Hardly anybody considers the Chesapeake Bay from the perspective of the copepods.
Copepods are difficult to sympathize with. The minute crustaceans are ugly, hard to interview and too small to see without a microscope. But from their vantage, North America's largest and most productive estuary looks startlingly like a tenement.
A few copepod facts: If left to its own devices, each copepod will filter a quart of water a day. About as much water as it takes to fill a bathtub contains 3 million copepods. In the entire bay, there are so many copepods that if they could somehow remove the water they handle and spit it out in Utah or someplace, they could drain the entire bay in three days.
Lucky for us all, the copepods are content to leave well enough alone.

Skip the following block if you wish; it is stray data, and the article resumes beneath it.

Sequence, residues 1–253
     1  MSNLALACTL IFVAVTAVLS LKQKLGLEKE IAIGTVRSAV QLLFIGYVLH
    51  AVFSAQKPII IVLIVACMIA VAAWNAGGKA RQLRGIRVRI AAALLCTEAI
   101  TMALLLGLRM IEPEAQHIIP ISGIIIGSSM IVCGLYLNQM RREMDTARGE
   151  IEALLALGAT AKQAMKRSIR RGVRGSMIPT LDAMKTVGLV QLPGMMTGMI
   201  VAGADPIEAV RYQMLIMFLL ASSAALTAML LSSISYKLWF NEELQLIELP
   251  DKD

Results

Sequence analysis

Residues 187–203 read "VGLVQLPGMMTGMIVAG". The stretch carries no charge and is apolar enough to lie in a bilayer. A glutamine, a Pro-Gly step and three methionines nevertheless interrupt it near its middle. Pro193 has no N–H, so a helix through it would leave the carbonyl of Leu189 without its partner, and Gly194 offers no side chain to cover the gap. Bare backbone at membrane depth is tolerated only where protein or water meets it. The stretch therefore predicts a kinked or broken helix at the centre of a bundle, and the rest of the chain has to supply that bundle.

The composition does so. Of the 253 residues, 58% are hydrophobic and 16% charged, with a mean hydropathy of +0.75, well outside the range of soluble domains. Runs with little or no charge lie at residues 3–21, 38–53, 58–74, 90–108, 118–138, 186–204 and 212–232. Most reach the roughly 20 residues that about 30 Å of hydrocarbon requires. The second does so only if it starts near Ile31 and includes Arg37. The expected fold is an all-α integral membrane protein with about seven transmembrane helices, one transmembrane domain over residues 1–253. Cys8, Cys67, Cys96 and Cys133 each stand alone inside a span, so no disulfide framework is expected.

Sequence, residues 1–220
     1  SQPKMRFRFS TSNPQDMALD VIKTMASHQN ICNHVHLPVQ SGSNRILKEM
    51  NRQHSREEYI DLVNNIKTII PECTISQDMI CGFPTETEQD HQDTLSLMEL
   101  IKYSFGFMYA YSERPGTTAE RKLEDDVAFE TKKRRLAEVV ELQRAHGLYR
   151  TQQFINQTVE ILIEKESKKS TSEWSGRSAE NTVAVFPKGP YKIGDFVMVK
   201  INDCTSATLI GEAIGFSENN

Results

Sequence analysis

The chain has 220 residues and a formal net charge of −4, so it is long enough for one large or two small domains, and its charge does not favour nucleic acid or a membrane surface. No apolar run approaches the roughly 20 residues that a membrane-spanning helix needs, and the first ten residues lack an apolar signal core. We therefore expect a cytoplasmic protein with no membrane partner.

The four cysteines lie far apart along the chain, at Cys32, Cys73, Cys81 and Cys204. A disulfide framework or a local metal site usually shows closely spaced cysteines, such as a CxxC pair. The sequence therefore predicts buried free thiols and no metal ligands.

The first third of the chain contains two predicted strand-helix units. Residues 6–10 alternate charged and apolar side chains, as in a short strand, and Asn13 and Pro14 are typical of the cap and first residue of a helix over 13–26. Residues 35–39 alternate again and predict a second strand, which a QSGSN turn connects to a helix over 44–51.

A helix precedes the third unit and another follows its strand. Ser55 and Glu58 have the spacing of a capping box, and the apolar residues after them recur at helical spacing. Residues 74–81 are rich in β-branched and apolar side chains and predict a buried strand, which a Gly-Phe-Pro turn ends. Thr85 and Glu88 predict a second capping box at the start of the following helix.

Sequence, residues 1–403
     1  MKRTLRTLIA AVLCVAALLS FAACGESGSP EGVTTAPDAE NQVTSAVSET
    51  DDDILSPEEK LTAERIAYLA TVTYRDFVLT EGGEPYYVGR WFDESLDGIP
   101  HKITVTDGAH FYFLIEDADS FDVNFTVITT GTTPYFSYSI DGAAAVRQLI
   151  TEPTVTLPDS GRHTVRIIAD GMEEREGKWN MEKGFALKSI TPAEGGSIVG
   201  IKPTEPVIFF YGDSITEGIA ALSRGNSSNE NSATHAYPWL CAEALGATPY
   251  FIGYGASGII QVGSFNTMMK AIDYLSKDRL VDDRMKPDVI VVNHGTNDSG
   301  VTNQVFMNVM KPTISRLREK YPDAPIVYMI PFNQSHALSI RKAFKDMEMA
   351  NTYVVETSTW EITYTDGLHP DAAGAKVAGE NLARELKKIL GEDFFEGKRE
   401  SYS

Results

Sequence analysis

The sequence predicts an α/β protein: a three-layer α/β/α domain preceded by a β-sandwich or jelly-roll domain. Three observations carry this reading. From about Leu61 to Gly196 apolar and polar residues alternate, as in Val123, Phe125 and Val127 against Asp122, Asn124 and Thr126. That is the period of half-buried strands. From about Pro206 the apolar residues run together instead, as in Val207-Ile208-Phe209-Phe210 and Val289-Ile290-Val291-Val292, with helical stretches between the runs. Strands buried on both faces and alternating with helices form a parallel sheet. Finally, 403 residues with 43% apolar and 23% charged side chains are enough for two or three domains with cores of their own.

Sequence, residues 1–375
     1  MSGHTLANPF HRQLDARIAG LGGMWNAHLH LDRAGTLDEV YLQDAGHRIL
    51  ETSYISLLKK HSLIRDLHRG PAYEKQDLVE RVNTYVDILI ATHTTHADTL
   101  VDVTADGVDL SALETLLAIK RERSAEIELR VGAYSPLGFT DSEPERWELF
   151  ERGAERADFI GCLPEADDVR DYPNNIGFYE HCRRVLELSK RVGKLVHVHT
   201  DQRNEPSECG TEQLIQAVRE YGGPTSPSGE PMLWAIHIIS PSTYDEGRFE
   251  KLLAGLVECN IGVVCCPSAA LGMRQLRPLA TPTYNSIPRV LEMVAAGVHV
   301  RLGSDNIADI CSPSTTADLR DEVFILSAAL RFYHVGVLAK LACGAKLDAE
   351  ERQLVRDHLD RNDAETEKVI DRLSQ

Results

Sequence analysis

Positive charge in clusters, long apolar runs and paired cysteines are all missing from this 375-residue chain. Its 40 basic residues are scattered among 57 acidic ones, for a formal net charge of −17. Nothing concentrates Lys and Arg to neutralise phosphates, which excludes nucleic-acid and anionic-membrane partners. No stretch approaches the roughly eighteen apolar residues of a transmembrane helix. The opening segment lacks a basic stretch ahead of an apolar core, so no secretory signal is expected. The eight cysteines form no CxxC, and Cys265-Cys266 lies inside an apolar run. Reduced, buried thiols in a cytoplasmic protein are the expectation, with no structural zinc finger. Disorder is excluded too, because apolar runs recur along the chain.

It takes but a few days' instruction in the ways of the copepods and the bay at the Johns Hopkins Alumni College to grasp that the Chesapeake is not just another indentation on the eastern seaboard, as it appears to an untutored eye, but a multifaceted subject that commands the attention of dozens of disciplines.
At times it seems there is not one bay but a thousand: the bay of a waterman's livelihood, the bay of the scientists' ecosystem, the bay of a cook's larder. For all its limits, the Chesapeake remains an inexhaustible theme.